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T S Vishwanath: Clean energy as 'peace broker' (Dec.)


Business standard, New Delhi, 4 December, 2013

Over the years there has been considerable discussion on the issue of climate change and global trade of products and services in the renewable trade arena.

Energy remains an important component of global trade since its price is still a critical input for manufacturing across the globe. While the discussion on climate change focuses a lot on the use of energy by the poor in several countries, it will be important to look at energy trade from an industry perspective as well.

Energy from a business perspective can be seen from two standpoints. The first from the point of view of energy users by sectors such as steel, aluminium, chemicals and even food processing where the cost of energy is a significant portion of the total cost of production. The second would be the energy producers, ranging from fossil fuels to renewables.

Energy today constitutes about 30 per cent of the greenhouse gas emissions, especially in the developed world. According to World Bank estimates, the world invests about $1 trillion a year in energy every year, of which a majority is in "outdated and polluting systems". The use of coal, oil and gas for energy has been growing over the years, and in 2011, for which estimates are available, coal consumption increased by 5.4 per cent globally and constituted 30 per cent of global energy consumption.

Subsidies for fossil fuels have also been increasing over the years and the Global Subsidies Initiative believes that the figure would be as high as $600 billion a year, which is about three times the amount provided to clean energy technologies.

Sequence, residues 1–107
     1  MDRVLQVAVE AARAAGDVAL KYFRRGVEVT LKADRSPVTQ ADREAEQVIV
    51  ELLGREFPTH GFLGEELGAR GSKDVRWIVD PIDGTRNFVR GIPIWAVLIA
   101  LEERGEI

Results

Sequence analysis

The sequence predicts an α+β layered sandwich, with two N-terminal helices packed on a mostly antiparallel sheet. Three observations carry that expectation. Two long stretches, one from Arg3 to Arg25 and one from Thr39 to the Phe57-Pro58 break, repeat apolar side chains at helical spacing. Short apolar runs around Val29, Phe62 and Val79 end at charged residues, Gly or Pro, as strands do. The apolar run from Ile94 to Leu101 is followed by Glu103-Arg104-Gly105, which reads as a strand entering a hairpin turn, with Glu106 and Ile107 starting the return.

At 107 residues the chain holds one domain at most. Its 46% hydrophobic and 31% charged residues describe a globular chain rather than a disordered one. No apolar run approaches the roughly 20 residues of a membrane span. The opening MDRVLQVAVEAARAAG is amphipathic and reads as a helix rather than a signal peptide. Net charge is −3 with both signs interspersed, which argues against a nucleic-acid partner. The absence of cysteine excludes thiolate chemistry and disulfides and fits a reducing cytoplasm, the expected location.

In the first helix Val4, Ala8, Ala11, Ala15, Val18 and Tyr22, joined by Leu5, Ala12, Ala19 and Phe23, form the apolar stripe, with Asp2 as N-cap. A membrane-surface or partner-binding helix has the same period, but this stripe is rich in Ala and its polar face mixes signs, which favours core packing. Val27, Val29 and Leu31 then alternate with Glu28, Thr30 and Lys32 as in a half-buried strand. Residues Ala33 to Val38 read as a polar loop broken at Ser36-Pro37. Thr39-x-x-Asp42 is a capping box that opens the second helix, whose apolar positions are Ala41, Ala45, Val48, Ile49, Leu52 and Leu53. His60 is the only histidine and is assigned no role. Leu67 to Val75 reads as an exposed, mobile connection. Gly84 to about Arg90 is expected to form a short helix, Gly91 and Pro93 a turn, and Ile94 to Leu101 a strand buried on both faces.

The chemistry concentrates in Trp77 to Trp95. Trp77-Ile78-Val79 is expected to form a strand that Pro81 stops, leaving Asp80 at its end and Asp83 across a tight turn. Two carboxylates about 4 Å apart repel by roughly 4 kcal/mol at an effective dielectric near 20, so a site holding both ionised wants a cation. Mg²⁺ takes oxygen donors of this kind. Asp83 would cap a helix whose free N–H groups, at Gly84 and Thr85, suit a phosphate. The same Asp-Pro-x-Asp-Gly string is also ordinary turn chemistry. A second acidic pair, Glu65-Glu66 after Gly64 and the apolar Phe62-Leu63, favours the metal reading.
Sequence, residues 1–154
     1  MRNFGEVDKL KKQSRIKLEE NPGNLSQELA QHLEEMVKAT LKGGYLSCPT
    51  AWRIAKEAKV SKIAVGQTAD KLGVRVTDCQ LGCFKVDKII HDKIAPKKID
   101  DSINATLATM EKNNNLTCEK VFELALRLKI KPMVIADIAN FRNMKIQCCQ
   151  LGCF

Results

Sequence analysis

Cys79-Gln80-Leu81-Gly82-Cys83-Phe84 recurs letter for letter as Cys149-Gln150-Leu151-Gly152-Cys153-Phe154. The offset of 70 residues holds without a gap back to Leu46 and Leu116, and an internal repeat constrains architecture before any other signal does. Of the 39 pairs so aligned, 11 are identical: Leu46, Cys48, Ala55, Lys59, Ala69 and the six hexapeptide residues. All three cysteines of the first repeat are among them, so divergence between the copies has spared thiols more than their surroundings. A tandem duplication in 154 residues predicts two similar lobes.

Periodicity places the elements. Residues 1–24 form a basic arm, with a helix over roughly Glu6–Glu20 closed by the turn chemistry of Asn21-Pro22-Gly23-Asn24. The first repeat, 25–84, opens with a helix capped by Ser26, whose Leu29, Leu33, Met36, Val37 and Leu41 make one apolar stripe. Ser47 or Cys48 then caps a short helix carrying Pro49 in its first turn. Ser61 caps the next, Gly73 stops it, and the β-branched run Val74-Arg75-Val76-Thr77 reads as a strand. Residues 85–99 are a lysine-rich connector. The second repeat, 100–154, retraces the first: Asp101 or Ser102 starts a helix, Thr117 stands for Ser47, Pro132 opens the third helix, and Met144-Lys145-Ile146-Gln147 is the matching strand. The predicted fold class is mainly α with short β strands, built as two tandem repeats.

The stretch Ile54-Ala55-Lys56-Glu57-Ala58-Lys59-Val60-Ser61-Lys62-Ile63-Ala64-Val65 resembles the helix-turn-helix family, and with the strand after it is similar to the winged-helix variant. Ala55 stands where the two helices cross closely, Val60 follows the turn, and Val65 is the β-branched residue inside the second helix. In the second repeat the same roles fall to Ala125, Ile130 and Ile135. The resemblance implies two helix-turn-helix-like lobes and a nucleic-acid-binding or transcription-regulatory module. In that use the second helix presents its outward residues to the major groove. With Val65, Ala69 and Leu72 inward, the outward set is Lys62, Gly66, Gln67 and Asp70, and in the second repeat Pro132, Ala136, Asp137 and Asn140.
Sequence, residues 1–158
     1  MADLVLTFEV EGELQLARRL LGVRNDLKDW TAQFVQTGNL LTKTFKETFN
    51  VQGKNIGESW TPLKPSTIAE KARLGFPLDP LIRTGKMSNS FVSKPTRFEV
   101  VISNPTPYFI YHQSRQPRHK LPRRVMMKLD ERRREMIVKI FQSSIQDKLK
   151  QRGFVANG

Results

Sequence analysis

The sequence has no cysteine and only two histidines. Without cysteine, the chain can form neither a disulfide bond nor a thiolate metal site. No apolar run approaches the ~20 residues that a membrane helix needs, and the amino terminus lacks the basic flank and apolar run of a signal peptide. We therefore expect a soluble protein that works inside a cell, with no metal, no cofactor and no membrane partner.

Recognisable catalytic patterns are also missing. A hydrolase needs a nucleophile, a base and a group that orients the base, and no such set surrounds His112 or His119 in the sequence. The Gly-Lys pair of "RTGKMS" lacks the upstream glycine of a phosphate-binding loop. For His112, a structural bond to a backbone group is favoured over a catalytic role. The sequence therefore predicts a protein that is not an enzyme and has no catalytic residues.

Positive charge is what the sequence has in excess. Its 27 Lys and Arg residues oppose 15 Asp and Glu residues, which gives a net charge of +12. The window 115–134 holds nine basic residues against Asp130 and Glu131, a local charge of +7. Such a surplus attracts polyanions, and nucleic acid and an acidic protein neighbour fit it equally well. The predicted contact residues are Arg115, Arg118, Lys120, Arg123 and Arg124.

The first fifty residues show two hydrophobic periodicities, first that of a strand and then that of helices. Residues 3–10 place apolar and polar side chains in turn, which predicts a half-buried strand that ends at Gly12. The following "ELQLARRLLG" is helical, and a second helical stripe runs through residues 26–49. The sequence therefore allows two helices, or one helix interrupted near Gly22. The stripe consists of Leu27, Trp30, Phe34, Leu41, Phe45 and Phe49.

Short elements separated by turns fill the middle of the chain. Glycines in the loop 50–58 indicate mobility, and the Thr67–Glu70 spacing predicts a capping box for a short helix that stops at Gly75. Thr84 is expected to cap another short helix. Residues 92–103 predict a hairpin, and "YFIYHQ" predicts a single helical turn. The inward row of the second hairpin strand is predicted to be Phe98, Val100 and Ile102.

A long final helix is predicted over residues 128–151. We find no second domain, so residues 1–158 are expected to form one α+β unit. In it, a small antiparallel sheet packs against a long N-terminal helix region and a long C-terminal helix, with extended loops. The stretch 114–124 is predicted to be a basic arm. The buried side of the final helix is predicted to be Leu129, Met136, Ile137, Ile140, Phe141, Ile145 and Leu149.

If we compare this with trade in renewable energy, the difference is stark. While the majority of non-renewable energy trade is in fossil fuels, in case of non-renewables the majority of trade is in goods and services. China and the US top the world in trade in renewable goods and products, and solar energy products constituted the largest component of US-China clean energy trade. Total trade by these two countries is estimated to be in the region of $7 billion.

The important point from an industry perspective is that, while production and trade in fossil fuels is mainly supported by government-owned and government-controlled companies, and subsidies or cartels are not targeted, there has been a trade war concerning trade in renewable goods and services. The US, the European Union and China have been trading charges at the World Trade Organisation and bilaterally on solar panels and related goods. Domestic subsidies for creating renewable energy companies have been questioned, though the International Energy Association believes that for renewables to become the second-biggest source of power generation by 2035, countries will have to subsidise to the tune of $4.8 trillion.

The question is what should developing countries do to move towards renewable energy to address the issue of climate change without the fear of a trade war. To begin with, the focus has to shift to the use of clean energy by industry and help the small and medium industry use renewables. The two critical inputs for this would be to promote research and development (R&D) to develop cheap sources of technology for renewable energy and also finding financing for such R&D.

For development of R&D, governments may want to consider setting up an open-source platform for trade in cheap by innovative technologies in renewable products. Countries need to promote the use of renewable energy especially by the small and medium sector.

Further, foreign investment needs to be promoted in this critical sector. Organisation for Economic Co-operation and Development countries, for instance, provide certain benefits to pension funds that look at renewable energy products for investment.

There is a need to look at the Rio+20 document that provides some promising opportunities in the renewable energy sector area. This includes exports of raw material and components for renewable energy supply products, exports of energy produced from renewable energy, exports of renewable natural resources to produce energy besides cross-border trade in renewable energy services, and selling carbon credits in international markets.

Energy remains an important input for industry and the cheaper it remains the more competitive companies would be in global markets